Action 4: Identify, prioritize and remedy complete streets gaps and lack of connectivity within your road network by, for example, adding a bike route/lane, truck route, sidewalk or mid-block alley.     [Click here for self-reported city details ]  


Make functional/recreational walking/biking possible between at least one park/open area and city streets. Report remedies for gaps entirely within your city's system of parks, off-road trails and open spaces under best practice action 18.1
Add a walking/bike trail that significantly improves access between two areas without a full network of streets, e.g., connecting cul-de-sacs within a housing development that has very long blocks.
Fully integrate your street and off-road trail network to facilitate bike/ped commuting; report under action 18.1 a walking/biking trail that connects your city to a key destination/area/trail outside the city.
Action 5: Identify and remedy street-trail gaps between city streets and off-road trails/bike trails to better facilitate walking and biking.     [Click here for self-reported city details ]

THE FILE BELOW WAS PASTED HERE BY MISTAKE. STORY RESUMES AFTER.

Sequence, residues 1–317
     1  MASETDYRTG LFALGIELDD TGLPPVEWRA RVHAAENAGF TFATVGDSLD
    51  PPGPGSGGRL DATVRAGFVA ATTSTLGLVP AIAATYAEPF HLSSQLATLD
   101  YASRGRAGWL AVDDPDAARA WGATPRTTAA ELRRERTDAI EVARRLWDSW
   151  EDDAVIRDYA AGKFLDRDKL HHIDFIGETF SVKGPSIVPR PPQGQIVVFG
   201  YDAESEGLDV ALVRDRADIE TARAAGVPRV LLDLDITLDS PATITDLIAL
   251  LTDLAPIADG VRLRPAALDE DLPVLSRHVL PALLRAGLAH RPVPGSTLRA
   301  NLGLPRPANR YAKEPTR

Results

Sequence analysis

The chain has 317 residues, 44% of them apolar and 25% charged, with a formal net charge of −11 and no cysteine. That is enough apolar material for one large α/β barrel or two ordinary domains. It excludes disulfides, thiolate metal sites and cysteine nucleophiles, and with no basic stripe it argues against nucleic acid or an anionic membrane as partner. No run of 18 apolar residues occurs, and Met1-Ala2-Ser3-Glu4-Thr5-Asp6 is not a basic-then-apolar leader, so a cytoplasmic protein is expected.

Measures such as streetscaping, bump-outs, raised cross walks, intersection markings, medians and narrower lane widths. Report temporary or permanent parklet installations under action 14.1
Measures such as roundabouts, and road diets where 3 lanes replace 4 lanes of a road with under 20,000 average annual daily traffic counts.
Measures from street reclaiming, naked streets, shared space, woonerfs, and Paint the Pavement approaches; diverging diamond interchange; a multi-modal Level of Service metric developed and applied to road projects; conversion of underused/redundant roads to gravel roads, stormwater management, energy generation, etc.
Action 6: Implement traffic calming measures, including road diets, roundabouts, shared space and depaving, in at least one street redevelopment project.     [Click here for self-reported city details ]  


Mobility Options
{ BP no. 12 }

A basic map that shows (by neighborhood if a larger city) key civic/commercial sites, best bike and pedestrian routes, and transit routes and schedules; as needed distribute print materials in different languages; report increases in walk/bike counts.
Installed infrastructure such as designed bike or pedestrian or transit facilities like park and ride lots (report sidewalks/bike lanes under action 11.4), OR document the increase in employeer-offered transportation fringe benefits, OR report a Walk Score of 70+ or an increase in your city's Walk Score.